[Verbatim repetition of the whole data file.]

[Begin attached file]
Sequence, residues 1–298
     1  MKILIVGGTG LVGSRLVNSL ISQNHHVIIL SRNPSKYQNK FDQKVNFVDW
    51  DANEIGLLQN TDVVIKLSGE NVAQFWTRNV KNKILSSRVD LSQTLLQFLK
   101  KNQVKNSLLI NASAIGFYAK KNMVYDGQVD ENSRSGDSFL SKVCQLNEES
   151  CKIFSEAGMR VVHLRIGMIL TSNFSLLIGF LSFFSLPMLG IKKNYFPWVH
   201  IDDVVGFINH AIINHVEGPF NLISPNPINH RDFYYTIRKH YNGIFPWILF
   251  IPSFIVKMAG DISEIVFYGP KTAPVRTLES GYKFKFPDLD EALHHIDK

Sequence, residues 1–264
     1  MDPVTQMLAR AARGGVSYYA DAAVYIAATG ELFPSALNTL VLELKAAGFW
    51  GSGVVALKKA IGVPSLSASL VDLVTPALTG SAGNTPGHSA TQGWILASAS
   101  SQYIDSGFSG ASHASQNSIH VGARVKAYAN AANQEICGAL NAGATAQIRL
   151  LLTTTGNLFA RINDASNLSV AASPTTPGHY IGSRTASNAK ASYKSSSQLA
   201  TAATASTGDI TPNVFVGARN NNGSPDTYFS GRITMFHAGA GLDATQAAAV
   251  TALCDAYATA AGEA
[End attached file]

Sequence, residues 1–298
     1  MKILIVGGTG LVGSRLVNSL ISQNHHVIIL SRNPSKYQNK FDQKVNFVDW
    51  DANEIGLLQN TDVVIKLSGE NVAQFWTRNV KNKILSSRVD LSQTLLQFLK
   101  KNQVKNSLLI NASAIGFYAK KNMVYDGQVD ENSRSGDSFL SKVCQLNEES
   151  CKIFSEAGMR VVHLRIGMIL TSNFSLLIGF LSFFSLPMLG IKKNYFPWVH
   201  IDDVVGFINH AIINHVEGPF NLISPNPINH RDFYYTIRKH YNGIFPWILF
   251  IPSFIVKMAG DISEIVFYGP KTAPVRTLES GYKFKFPDLD EALHHIDK

Sequence, residues 1–264
     1  MDPVTQMLAR AARGGVSYYA DAAVYIAATG ELFPSALNTL VLELKAAGFW
    51  GSGVVALKKA IGVPSLSASL VDLVTPALTG SAGNTPGHSA TQGWILASAS
   101  SQYIDSGFSG ASHASQNSIH VGARVKAYAN AANQEICGAL NAGATAQIRL
   151  LLTTTGNLFA RINDASNLSV AASPTTPGHY IGSRTASNAK ASYKSSSQLA
   201  TAATASTGDI TPNVFVGARN NNGSPDTYFS GRITMFHAGA GLDATQAAAV
   251  TALCDAYATA AGEA